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Tarangire National Park Tarangire National Park tour

Tarangire National Park


Introduction

There are not many places better than the Tarangire National Park, the sixth-largest park in Tanzania to witness the wild in all its glory. Nestling in the Manyara Region, the park gets its name from the Tarangire River. The swaying acacia and baobab trees, add to the beauty of the landscape, complemented by a colossal herd of elephants, zebras, migratory wildebeests, impalas, buffaloes, hartebeests, gazelles, elands, and dry-country antelopes, such as the peculiar long-necked gerenuk and the stately fringe-eared Oryx. Besides, there are some 550 species of birds that reside in Tarangire. So, you will surely notice yellow collared lovebirds and shy starlings taking refuge in the foliage of the many trees that dot the region.

Located in northern Tanzania, Tarangire is a seasonal park and an active site of migratory movement. The Tarangire River attracts large herds of animals during the dry season between June and October. The region has elephants lazing all-year-round, but in the dry season, the elephant population is spectacular, and thus, makes it the perfect time for a horseback safari in northern Tanzania.


OVERVIEW

Location: Tanzania

Nearest airport: Lake Manyara airstrip. Kilimanjaro is the nearest international airport.

How to reach: from Kilimanjaro by road or flight

Famous for: high population of elephants,

Birding with many dry-country species

Months open: All year

Best time to visit: June to October

WHAT TO SEE

Wide variety of habitats

Tarangire river

Boabab trees

Huge herd of elephants

Rock pythons

Game drives

Bird watching

Walking safaris

Horseback safaris

Trip to Barabaig village



Details

Geographically speaking, the Tarangire National Park lies in the Manyara region and is surrounded by the Masai Steppe in the southeast and the lakes of the Great Rift Valley in the northwest. The perennial Tarangire River flows through the northern part of Tarangire and drains into Lake Burungi in the northwest.

Besides elephants, the characteristic feature of Tarangire is its baobab tree which densely populates the park. The clear grassland plains, woodlands, the gurgle of the Tarangire River, the eclectic blend of wild animals, and the looming baobab trees combine to create a picturesque landscape for you to delve into on your horse safari in Tanzania.

The national park of Tarangire houses iconic animals like the diminutive dik-dik, Silale swamp lions, and towering giraffes. Additionally, three endangered species dwell in the park, which you cannot find anywhere else in the country, namely the fringe-eared oryx, tiny Ashy Starling, and the towering greater kudu.

During the dry season, thousands of animals from the Manyara National Park revisit the Tarangire swamps, especially the Tarangire river system. Herds of more than 300 elephants and migratory animals such as wildebeest, zebras, and buffaloes wander several kilometers of parched grounds to drink from the Tarangire River.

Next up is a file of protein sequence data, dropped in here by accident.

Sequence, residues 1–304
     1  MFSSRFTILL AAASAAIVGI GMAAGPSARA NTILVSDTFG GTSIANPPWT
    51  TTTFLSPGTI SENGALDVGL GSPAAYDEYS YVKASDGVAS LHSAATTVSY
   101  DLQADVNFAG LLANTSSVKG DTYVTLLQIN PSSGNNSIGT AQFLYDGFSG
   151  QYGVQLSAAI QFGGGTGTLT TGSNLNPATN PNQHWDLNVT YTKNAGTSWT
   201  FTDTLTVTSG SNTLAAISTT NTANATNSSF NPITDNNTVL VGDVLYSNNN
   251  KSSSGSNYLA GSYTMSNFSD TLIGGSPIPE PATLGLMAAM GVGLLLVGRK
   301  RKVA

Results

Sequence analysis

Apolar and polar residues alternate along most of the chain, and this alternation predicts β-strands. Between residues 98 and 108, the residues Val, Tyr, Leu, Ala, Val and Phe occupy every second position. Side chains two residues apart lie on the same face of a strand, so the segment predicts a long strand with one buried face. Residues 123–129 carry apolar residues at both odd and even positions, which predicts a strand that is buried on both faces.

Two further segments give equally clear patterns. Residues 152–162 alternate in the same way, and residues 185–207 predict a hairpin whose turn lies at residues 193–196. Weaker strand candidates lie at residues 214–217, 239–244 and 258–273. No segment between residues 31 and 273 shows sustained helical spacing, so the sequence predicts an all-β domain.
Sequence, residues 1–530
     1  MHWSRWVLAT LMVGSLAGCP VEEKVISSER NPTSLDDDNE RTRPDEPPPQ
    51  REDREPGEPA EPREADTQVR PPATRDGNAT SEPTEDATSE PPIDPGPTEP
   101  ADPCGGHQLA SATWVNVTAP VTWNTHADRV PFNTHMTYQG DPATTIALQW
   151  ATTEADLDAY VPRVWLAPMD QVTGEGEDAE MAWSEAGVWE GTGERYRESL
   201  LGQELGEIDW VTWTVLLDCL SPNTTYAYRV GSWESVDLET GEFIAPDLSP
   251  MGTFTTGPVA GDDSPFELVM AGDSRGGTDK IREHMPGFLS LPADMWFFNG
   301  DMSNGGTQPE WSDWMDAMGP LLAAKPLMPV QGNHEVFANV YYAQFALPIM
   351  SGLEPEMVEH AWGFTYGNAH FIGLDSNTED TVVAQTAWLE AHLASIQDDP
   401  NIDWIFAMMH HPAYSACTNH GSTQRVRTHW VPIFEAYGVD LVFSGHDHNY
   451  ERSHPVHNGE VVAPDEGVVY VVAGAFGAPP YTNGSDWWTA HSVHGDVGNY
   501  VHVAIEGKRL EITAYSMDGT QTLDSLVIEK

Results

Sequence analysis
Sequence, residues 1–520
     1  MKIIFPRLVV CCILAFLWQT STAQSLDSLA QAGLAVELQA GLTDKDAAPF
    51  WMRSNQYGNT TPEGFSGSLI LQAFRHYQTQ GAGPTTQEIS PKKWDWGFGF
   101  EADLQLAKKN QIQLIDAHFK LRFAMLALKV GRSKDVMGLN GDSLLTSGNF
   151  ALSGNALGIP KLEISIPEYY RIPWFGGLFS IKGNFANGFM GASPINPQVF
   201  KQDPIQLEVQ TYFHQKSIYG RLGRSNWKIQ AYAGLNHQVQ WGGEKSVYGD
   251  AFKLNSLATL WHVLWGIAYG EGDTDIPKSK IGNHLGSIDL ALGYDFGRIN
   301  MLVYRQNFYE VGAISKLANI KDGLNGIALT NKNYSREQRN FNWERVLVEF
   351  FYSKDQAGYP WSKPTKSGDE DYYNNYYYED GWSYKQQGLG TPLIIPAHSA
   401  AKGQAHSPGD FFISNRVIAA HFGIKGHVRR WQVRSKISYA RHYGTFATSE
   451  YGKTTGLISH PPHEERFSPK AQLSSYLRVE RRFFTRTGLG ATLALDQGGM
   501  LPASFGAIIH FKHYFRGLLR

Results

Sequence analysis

Africa is synonymous with the “Tree of Life” or the baobab which has a lifespan of about 600 years. The trunks of the tree can store water anywhere between 300 to 1000 liters and the bloated trunks give baobab its distinct shape. The animals of Tarangire are fond of its edible seeds and the elephants in the region use its barks to sharpen their tusks.

Tarangire has the highest elephant population in all of Tanzania. During the dry season, herds of 300 plus elephants can be seen hunting the dry Tarangire river bed for underground streams. During the wet, rainy season, the seasonal visitors scatter out within a range of 20,000 sq km close to the park but you will spot elephants on ahorseback safari any time of the year, thanks to their huge numbers.

Game drives across Tarangire can be a thrilling experience, especially during the dry season, when a wide variety of animals in huge numbers would cluster along the Tarangire River, providing the perfect opportunity for you to witness live predator-prey relationships.

With a colorful and extensive bird population inhabiting Tarangire, the park boasts of being a birdwatcher’s paradise. Tarangire’s woodlands house hornbills, hoopoes, brown parrots, and game birds such as yellow-necked spurfowl, helmeted guinea fowl, and crested francolin.

Accompanied by an experienced field guide, set off in the direction of some of the most secluded parts of Tarangire to unlock the secrets of the wild. Walking safaris are an exciting way to follow wildlife tracks to encounter animals on foot.

A horseback safari in Tarangire is a challenging but the perfect way to merge with the magnificence of the landscape and the wildlife. For those who love ahorse safari, Tarangire offers engaging vistas to keep you company while you explore the captivating scenes of the wildlife.

The Tarangire is a relatively undiscovered and unknown park but this is one region where you can explore to your heart’s content, get close to animals, and yet not disturb them. If you are looking for an altered Tanzania safari experience, then do try out a day trip to Barabaig or Maasai village.

Where to stay

Nimali Tarangire: Resting on the eastern boundary of the park, Nimali Tarangire is a popular lodge that is hidden amid stunning baobab and acacia trees.

Tarangire Treetops: Tarangire Treetops is a lodge that is open all-year-round but the fruits of the surrounding marula trees beckon elephants during the months between July and September, making it an exciting time to visit.




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